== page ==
Applying findings to Virginia from a Pew Social & Demographic Trends report, two previous blog posts examined breadwinner mothers in Virginia. In the first post we found differences between married and unmarried breadwinner moms:
- Households where the breadwinning mom was married had higher income levels
- Married breadwinning moms had higher educational attainment
- Even with the same educational attainment, married breadwinning moms earned more than unmarried moms (and worked more hours on average).
In the second post we examined differences between two groups of unmarried breadwinning moms – those who are single and those who are cohabiting with a partner. We found that, between these two groups, a greater proportion of cohabiting moms and their children live in poverty, and that lower earnings among cohabiting moms are found even when we hold age and educational attainment constant.
In this post, we will wrap up by focusing on single mothers, the group that makes up the largest share (54%) of breadwinning mothers.
In light of stereotypes about single mothers represented in popular media, findings from the American Community Survey are particularly important to describing single motherhood in Virginia.
Single mothers in Virginia
The data about single mothers in Virginia points to an important finding: the lives of single mothers who have never been married is quite different from those who have been married before, even when holding constant age, educational attainment, or age of the children. For example, in Virginia, single mothers have median household incomes of about $28,000. But when we examine marital history, we find some variation around that number. Continue reading
“A record 40% of all households with children under the age of 18 include mothers who are either the sole or primary source of income for the family.” – Executive Summary, “Breadwinner Moms”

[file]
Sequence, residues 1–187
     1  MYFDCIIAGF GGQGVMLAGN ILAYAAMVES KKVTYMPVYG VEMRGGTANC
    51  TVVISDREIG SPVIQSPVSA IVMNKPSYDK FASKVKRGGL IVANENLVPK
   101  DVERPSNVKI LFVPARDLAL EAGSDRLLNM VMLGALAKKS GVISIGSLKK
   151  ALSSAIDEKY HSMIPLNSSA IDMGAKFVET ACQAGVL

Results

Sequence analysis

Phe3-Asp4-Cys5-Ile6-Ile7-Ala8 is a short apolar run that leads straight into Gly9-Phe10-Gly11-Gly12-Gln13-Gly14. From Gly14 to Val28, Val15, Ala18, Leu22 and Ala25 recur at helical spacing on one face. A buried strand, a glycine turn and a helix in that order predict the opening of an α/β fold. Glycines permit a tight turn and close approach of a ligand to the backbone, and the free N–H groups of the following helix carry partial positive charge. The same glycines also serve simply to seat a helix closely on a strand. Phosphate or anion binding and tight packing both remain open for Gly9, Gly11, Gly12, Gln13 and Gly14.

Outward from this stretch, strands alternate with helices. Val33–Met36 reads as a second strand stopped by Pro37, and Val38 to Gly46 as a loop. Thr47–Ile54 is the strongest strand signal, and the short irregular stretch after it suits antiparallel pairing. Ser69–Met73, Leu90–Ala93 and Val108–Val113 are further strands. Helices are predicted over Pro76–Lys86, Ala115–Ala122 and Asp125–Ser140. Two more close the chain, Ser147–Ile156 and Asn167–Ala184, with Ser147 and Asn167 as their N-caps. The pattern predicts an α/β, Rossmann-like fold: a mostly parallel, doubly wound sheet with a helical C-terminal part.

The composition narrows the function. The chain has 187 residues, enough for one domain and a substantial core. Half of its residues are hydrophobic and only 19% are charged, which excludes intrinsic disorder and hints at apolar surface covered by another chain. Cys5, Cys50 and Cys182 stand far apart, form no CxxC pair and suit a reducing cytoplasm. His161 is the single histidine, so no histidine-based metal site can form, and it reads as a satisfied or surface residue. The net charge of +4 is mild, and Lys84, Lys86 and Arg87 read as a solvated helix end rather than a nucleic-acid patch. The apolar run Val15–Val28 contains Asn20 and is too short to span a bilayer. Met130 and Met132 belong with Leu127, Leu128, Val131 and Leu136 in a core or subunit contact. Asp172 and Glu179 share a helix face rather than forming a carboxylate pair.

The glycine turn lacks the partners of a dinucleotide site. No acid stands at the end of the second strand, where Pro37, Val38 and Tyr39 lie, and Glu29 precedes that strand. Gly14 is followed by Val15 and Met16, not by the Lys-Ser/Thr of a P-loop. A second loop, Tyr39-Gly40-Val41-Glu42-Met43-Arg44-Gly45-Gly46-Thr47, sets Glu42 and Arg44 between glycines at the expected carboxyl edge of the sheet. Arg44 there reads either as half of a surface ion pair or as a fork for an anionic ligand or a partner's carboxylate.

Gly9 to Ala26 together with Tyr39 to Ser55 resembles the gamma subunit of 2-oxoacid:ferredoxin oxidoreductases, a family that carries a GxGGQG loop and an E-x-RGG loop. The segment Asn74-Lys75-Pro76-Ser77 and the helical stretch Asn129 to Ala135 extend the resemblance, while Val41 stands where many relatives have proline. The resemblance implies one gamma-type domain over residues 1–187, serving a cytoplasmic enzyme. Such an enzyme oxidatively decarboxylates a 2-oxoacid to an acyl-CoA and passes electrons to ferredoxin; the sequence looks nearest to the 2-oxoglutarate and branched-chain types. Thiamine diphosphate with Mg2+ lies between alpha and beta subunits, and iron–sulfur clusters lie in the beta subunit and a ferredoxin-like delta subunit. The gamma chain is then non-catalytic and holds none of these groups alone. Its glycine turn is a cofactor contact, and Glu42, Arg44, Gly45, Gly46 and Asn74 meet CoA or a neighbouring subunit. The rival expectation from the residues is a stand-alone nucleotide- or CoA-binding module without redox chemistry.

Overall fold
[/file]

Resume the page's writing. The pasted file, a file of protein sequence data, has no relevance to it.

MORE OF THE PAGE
“Breadwinner Moms,” a recently released report from Pew Social & Demographic Trends, suggests, on its face, that gender equality in the labor force is perhaps closer than advocates for women’s rights would have us believe. The authors note that, as of 2011, “a record 40%” of households with children had mom as the primary breadwinner, up from 11% in 1960. There are a number of large-scale social and economic issues reflected in these seemingly straightforward numbers—changing household structures and trends in family formation; increasing female participation in higher education and the labor force; rising costs of living and stagnant wage growth that necessitate multiple earners within a family; and the lingering effects of the recession on labor market participation.
Moving beyond the initial “40%” number shows that there are really two populations being discussed: (1) single mother families and (2) married couple families in which the wife earns more than her husband. Using the term “breadwinner” with respect to women in single-mother families belies the economic realities of their situation. Single moms are the only potential earners in the family; many earn low (or no) wages and rely on public assistance to get by. This topic will be explored in greater depth in Virginia by Annie in our next blog post.
Discussions of the second population, married couples with “breadwinning” wives, gloss over problematic economic issues underpinning this shift, such as the disproportionate impact of the recession in male-dominated industries like construction and manufacturing. While two earner families may create new challenges at home, such as negotiating child care and housework, and yield divergent opinions on what’s best for children, they also reflect a basic economic reality for many American families: one income is not enough. I was also troubled by the use of the term “breadwinner”—traditionally used to describe a household in which a single earner is able to support the entire family unit—to describe two earner households in which one partner is earning more than the other. Moreover, the wage gap between husbands and wives was never made clear; how much more are these “breadwinning” moms actually earning compared to their husbands? Let’s take a quick look at the 2011 American Community Survey data for Virginia.